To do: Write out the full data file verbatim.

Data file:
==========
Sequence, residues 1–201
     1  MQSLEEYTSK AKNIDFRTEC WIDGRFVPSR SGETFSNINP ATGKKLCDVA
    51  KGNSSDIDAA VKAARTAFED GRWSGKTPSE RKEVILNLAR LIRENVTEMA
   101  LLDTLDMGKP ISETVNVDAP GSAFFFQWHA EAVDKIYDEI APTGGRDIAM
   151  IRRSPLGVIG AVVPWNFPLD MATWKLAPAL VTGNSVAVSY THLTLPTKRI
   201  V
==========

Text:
Sequence, residues 1–201
     1  MQSLEEYTSK AKNIDFRTEC WIDGRFVPSR SGETFSNINP ATGKKLCDVA
    51  KGNSSDIDAA VKAARTAFED GRWSGKTPSE RKEVILNLAR LIRENVTEMA
   101  LLDTLDMGKP ISETVNVDAP GSAFFFQWHA EAVDKIYDEI APTGGRDIAM
   151  IRRSPLGVIG AVVPWNFPLD MATWKLAPAL VTGNSVAVSY THLTLPTKRI
   201  V